New legislation passed by the U.S. Congress reaffirms the rights of Tibetans to choose a successor to their spiritual leader, the Dalai Lama, imposing sanctions on Chinese Communist Party officials if they attempt to intercede in the process.
A $900 billion dollar spending bill passed by Congress over a presidential veto on December 27th includes significant updates to the 2002 Tibetan Policy and Support Act (TPSA) that reaffirm the rights of Tibetans to choose a successor to the spiritual leader of Tibet, His Holiness the Dalai Lama, The Washington Post reports.
The 2020 TPSA now signed into law imposes sanctions on Chinese Communist Party officials if they attempt to name a successor to His Holiness, and urges international coordination to reject the recognition of any Dalai Lama picked by China. The TPSA was previously an independent piece of legislation, but was included in the spending bill after failing to make progress on Capitol Hill due to the reduced legislative schedule of the pandemic.
In Tibetan Buddhism, the 700-year-old tradition of recognizing reincarnate lamas is the most common system of sustaining spiritual lineages. In recent years, the Chinese government, who views His Holiness as a dangerous “splittist” and separatist, has indicated it may name its own Dalai Lama. His Holiness has previously stated that he may have no successor, or else his successor may be selected by the Tibetan people, but China insists that he must reincarnate and his successor will have to be approved by the state.
This can be universally recognized as a decisive point in whether or not Tibetan culture will survive or not. – Actor and pro-Tibet activist Richard Gere
The updates to the TPSA also call for the establishment of a US consulate in Lhasa, Tibet, and instruct the State Department to deny China any new consulates in the United States until the U.S. Consulate is established. It also calls for the preservation of Tibet’s environment, focusing on its water security in particular, and authorizes assistance to organizations that support Tibetan communities in Tibet.
In a recent interview with Lion’s Roar’s Editor-in-Chief Melvin McLeod for our HHDL Global Vision Summit, actor and pro-Tibet activist Richard Gere spoke about the importance of the rights of Tibetans to choose the Dalai Lama’s successor. “This can be universally recognized as a decisive point in whether or not Tibetan culture will survive or not,” states Gere. “Without the Dalai Lama right now, it’s hard to imagine that Tibetan culture as a unity and as a living, breathing being would survive.” View the whole clip below.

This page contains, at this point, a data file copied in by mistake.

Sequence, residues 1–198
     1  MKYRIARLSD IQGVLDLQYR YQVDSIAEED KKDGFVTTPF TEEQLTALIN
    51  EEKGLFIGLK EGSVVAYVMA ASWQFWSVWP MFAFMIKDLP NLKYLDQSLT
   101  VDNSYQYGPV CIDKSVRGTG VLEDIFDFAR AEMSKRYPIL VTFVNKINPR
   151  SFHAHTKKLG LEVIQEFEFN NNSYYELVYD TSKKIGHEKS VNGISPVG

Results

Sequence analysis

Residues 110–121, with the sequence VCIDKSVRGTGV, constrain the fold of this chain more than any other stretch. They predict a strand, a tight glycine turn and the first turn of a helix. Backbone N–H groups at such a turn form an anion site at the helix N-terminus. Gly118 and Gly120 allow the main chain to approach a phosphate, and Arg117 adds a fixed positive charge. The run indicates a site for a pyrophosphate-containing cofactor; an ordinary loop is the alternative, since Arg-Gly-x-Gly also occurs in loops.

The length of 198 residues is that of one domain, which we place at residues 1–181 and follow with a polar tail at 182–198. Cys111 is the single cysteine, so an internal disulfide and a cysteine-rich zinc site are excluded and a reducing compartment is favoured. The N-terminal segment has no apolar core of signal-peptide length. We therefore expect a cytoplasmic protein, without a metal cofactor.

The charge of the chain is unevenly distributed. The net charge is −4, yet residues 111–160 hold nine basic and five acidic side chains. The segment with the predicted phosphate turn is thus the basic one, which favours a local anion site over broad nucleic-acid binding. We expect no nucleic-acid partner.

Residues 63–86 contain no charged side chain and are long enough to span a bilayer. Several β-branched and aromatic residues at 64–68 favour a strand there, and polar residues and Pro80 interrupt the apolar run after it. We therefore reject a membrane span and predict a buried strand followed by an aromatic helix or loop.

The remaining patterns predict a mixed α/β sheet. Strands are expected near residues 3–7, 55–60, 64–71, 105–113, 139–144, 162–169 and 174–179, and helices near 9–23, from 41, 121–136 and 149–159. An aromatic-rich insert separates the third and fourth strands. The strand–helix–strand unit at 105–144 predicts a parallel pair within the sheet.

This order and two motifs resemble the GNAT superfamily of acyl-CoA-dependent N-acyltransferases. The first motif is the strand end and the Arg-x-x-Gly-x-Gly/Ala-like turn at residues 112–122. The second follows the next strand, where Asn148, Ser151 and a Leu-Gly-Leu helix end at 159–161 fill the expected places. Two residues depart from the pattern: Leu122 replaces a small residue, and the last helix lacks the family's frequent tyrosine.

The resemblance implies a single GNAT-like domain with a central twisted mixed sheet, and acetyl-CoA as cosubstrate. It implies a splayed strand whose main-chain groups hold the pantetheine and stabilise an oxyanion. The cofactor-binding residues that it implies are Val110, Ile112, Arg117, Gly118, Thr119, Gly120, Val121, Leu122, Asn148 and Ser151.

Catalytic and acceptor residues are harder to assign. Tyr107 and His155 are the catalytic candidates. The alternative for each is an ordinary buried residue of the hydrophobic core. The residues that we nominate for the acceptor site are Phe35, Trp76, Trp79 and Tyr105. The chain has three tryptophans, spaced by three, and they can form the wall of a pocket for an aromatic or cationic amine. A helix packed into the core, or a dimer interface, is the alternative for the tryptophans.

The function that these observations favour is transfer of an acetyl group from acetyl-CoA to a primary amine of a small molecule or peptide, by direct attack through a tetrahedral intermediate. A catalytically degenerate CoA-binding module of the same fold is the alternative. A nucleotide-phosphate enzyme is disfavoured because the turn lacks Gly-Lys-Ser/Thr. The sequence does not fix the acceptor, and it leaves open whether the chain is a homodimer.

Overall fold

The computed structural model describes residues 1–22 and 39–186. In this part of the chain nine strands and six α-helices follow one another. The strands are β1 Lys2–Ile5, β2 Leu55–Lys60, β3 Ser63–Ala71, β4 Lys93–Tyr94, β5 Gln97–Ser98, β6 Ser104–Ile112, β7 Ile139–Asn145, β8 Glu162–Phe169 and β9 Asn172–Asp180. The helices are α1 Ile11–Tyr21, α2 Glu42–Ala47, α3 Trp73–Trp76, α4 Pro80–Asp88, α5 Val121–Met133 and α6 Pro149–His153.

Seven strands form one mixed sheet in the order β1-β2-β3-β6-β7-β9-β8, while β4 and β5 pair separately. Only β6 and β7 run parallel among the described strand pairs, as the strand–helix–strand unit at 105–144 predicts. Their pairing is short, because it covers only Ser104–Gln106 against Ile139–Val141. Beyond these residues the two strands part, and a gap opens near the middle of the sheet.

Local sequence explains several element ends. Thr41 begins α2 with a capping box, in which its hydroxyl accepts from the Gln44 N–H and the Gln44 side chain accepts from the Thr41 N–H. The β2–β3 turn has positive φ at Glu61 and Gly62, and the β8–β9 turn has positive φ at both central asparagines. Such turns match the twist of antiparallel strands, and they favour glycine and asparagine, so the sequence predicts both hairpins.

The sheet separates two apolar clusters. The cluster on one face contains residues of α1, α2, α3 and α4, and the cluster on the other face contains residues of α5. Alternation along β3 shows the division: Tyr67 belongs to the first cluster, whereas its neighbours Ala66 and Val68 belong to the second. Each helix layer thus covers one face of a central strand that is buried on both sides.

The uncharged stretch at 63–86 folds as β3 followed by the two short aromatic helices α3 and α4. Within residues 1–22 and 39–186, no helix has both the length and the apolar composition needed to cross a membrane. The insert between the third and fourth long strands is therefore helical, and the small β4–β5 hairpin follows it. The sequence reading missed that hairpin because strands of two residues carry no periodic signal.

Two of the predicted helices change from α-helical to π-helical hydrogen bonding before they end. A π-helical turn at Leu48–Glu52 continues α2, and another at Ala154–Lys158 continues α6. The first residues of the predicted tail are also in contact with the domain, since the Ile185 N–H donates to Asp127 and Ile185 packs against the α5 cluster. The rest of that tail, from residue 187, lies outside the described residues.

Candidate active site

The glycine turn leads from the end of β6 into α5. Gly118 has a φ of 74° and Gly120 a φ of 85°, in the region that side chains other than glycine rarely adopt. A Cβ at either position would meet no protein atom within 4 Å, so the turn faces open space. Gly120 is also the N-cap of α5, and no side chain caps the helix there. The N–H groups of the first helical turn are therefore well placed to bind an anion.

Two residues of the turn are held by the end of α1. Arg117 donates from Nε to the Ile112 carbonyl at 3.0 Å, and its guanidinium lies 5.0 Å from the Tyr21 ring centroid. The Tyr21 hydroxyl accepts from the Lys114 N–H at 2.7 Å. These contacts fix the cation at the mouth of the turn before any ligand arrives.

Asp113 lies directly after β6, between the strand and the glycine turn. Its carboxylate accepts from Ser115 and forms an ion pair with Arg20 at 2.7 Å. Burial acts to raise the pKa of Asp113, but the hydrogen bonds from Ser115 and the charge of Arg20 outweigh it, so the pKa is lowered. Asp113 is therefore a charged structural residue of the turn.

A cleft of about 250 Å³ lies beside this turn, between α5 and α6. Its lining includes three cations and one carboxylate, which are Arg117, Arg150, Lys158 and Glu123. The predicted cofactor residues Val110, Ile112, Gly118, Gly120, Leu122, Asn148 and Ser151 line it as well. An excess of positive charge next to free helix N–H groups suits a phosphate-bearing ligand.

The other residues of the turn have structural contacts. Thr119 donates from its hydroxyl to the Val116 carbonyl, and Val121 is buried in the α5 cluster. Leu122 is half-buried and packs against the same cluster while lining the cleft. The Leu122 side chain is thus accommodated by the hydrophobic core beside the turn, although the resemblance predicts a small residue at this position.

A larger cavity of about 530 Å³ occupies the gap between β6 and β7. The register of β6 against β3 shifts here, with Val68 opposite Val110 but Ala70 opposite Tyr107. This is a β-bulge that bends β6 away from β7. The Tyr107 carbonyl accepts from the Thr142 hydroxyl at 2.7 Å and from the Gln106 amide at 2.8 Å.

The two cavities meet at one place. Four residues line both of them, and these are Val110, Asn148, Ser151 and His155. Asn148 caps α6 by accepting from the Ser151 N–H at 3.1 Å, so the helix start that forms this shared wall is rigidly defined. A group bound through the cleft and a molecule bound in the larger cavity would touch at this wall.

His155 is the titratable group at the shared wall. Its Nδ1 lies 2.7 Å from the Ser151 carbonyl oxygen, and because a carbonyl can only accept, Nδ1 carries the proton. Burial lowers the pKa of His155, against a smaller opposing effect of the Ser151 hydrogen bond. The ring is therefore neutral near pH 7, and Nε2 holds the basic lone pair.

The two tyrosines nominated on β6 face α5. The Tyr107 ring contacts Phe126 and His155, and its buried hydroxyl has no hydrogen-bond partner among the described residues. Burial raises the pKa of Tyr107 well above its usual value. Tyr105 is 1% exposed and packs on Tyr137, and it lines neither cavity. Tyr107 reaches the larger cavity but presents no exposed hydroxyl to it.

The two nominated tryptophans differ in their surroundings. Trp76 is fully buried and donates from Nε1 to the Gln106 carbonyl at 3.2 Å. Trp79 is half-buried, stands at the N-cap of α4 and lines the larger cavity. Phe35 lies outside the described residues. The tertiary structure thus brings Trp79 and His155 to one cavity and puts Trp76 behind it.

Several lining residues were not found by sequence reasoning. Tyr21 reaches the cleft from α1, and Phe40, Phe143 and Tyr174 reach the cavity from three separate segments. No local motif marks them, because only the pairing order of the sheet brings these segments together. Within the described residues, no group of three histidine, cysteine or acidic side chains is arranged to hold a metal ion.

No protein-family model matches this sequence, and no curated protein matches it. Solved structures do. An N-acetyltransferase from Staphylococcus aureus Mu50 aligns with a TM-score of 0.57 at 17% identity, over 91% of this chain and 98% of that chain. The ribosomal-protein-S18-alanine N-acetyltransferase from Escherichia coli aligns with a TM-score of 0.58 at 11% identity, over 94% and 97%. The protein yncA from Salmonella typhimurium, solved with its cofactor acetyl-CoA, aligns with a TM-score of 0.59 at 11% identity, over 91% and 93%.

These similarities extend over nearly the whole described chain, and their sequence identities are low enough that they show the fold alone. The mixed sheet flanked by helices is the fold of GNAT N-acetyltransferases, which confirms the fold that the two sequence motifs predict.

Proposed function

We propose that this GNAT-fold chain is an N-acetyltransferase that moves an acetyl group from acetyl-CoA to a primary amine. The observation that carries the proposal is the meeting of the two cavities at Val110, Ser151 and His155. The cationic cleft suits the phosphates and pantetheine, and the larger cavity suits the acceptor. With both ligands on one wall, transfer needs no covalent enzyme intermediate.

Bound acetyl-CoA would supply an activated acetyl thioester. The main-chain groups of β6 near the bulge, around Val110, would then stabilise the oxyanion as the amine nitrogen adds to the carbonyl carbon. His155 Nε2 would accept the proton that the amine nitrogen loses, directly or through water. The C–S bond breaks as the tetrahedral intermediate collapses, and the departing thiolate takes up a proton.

Melvin McLeod: What can we do to help? And when His Holiness the Dalai Lama wrote us a letter to a Lion’s Roar and Tibet house offering his personal support for this virtual summit… And he offered, he suggested several topics that were important to him that he wanted to make sure we address. And one of them is the topic we are addressing today, the protection and the preservation of Tibetan language and culture. So we take that seriously. And we’ve been listening to these conversations. What would you say we can actually do to help?
Richard Gere: Well, as His Holiness would say, working on yourself ultimately is the best way you can help the universe. Work on your own wisdom and your own compassion. Lessen your own anger, for sure. I think that we’re in a unique situation right now where people are extremely skeptical of the Chinese communist party. People have not made as much money as they thought they would, which allowed them to selectively not see the human rights abuses and civil rights abuses that have been part of the structure of the communist party control of China. China obviously has a vast and incredible history, and Buddhist history. And that’s still part of their culture. But the communist party has really been systematically destroying everything of value. And it has to do with spirit and mind. And they have quite a mercantile culture that’s evolving there right now. We at ICT, International Campaign for Tibet, have been very successful over the last 30 years in the US Congress. And I just in the last few days I’ve been talking to people on both sides of the aisle, in the senate and the house. We have a bill that’s going through right now. The main part of that bill, it’s an addendum to the Tibet policy act of 2002, which we were able to get enacted into law. But this would be about the succession of the Dalai Lama. The Chinese obviously are waiting for as long as to die, and they have various puppets ready to go to fill that vacuum. And it’s very important that the international community comes right out in front and says, no, it’s not up to the communist party, it’s up to the Tibetan people, and specifically Tibetan Buddhists to decide who the next Dalai Lama will be, if in fact they want one. This will be American policy, will be part of American law, because of the work we’re doing. Now we have offices in Europe as well. I think we’ll have some people listening to this broadcast, I hope, from Europe as well. These kinds of things can also be passed into law in Europe. The EU, specific countries also. This can be universally recognized as a decisive point in whether or not Tibetan culture will survive or not. Without the Dalai Lama right now, it’s hard to imagine that Tibetan culture as a unity and as a living, breathing being would survive. He’s such an outsized, extraordinary figure. And that’s really once in many centuries, someone like this comes along. We can’t be sure that someone like this will come again. So we have to create the institutions that will allow the ideas to continue. And this incredible heart, this incredible sense of not only forgiveness, but vision of possibility of what we might be as individuals and as societies. Really able to touch the deepest part of love and compassion and being. And find a way that is universal. And match the way we communicate with each other. On all levels of society, however this dream of reality evolves, and in whatever interesting way, you know, it does. In the movie and television of our lives, that these ideas are central and remain central and are never forgotten.